• Note to InstructorDiscussion QuestionHow has the Internet has changed pricing competition?This link is to Bestprices.com, one of many Web sites that offers low prices. Ask them if they know of other sites where they can obtain low prices.
  • Note to InstructorFactors that affect price elasticity of demand include: Unique product Quality Prestige Substitute products Cost relative to income
  • Transcript

    • 1. Marketing
      Stephan Langdon, MBA, M Ed
    • 2. Chapter Ten
    • 3. Pricing ConceptsUnderstanding and Capturing Customer Value
      Topic Outline
      What Is a Price?
      Customer Perceptions of Value
      Company and Product Costs
      Other Internal and External Considerations Affecting Price Decisions
    • 4. Price is the amount of money charged for a product or service. It is the sum of all the values that consumers give up in order to gain the benefits of having or using a product or service.
      What Is a Price?
    • 5. Price is the only element in the marketing mix that produces revenue; all other elements represent costs
      What Is a Price?
    • 6. Factors to Consider When Setting Prices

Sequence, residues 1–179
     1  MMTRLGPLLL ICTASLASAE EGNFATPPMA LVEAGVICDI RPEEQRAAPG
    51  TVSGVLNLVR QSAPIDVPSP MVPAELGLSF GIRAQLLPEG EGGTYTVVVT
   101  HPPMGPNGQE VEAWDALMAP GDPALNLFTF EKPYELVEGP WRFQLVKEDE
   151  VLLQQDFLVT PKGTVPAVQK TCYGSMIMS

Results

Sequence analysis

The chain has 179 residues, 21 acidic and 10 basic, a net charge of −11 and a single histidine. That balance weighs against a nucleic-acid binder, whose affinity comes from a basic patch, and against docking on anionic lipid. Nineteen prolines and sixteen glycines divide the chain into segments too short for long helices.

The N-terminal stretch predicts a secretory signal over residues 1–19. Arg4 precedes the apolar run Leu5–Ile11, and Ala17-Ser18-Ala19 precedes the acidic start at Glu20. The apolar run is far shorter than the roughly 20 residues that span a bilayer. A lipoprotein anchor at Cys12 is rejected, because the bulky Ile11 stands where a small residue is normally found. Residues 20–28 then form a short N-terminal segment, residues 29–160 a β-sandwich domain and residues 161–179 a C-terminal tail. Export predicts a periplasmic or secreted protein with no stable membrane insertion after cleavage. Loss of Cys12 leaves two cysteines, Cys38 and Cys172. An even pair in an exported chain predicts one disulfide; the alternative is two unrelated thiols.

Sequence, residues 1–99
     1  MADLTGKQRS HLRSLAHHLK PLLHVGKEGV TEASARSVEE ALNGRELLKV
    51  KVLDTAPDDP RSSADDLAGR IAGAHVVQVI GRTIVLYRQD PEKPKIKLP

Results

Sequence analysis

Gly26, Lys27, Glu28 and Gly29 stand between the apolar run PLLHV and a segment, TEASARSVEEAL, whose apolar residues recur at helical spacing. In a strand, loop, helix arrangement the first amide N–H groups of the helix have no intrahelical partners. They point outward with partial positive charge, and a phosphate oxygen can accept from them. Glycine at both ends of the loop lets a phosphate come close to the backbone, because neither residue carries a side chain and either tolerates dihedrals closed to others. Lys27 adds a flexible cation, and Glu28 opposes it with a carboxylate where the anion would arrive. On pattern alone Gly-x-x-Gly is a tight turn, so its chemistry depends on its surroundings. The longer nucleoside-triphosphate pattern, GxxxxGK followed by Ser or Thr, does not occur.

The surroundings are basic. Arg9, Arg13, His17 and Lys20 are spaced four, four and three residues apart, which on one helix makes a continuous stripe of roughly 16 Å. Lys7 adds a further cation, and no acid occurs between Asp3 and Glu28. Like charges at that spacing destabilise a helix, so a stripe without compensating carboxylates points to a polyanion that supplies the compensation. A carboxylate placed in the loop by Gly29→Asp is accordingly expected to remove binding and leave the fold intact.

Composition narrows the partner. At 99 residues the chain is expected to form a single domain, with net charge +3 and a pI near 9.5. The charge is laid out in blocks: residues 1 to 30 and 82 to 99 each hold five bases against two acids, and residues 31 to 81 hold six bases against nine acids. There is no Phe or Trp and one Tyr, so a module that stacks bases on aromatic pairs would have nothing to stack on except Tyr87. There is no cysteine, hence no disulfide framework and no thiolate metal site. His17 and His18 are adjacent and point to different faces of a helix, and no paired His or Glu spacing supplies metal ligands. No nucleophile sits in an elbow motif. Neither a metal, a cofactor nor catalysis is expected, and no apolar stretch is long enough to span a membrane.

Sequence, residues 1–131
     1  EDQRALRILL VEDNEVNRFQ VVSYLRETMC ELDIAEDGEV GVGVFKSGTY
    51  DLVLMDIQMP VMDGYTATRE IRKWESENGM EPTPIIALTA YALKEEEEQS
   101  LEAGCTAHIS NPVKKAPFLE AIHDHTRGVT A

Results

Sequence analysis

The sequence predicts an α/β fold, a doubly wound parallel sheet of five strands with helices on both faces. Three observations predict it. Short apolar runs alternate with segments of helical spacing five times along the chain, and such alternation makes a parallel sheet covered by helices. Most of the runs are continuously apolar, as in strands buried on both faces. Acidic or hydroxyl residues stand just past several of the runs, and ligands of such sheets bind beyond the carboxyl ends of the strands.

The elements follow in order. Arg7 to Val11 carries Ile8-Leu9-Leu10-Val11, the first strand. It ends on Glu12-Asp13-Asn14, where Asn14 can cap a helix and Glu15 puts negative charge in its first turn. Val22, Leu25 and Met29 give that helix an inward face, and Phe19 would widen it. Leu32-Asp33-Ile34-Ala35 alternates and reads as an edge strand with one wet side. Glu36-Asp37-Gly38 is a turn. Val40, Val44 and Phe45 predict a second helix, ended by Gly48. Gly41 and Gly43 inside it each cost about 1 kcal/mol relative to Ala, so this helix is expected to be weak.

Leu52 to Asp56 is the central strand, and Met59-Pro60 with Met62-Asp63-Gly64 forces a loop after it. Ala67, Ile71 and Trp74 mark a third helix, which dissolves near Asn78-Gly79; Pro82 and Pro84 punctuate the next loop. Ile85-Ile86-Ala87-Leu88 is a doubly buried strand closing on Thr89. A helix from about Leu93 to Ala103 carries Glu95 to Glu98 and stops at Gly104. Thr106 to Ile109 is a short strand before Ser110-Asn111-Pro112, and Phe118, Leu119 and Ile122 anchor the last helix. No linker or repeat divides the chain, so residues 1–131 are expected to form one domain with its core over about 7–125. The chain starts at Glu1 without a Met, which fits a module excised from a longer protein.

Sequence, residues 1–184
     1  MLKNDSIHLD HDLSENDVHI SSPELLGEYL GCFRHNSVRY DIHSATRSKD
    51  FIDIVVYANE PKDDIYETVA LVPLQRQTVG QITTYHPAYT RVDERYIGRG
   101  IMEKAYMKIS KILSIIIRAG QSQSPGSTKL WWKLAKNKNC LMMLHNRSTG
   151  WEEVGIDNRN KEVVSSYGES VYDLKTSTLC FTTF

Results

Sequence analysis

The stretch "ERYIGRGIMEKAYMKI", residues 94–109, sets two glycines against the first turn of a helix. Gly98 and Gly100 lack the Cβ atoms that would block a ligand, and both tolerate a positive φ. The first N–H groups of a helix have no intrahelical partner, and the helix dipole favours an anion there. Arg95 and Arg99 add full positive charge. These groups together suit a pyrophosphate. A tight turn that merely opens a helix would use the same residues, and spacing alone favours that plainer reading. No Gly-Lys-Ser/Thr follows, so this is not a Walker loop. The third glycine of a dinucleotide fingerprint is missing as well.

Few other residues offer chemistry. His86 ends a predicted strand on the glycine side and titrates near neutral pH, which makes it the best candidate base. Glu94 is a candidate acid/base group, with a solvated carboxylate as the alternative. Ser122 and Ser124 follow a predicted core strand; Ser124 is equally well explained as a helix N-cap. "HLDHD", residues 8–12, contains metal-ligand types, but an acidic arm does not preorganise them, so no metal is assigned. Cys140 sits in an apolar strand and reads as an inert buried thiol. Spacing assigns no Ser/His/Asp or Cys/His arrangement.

Understanding how much value consumers place on the benefits they receive from the product and setting a price that captures that value
      Customer Perceptions of Value
    • 7. ________is the sum of values that consumers exchange for the benefits of having or using a product or service.
      Place
      Purchase
      Price
      Premium
    • 8. ________is the sum of values that consumers exchange for the benefits of having or using a product or service.
      Place
      Purchase
      Price
      Premium
    • 9. Factors to Consider When Setting Prices
      Customer Perceptions of Value
    • 10. Factors to Consider When Setting Prices
      Value-based pricing uses the buyers’ perceptions of value, not the sellers cost, as the key to pricing. Price is considered before the marketing program is set.
      Value-based pricing is customer driven
      Cost-based pricing is product driven
      Customer Perceptions of Value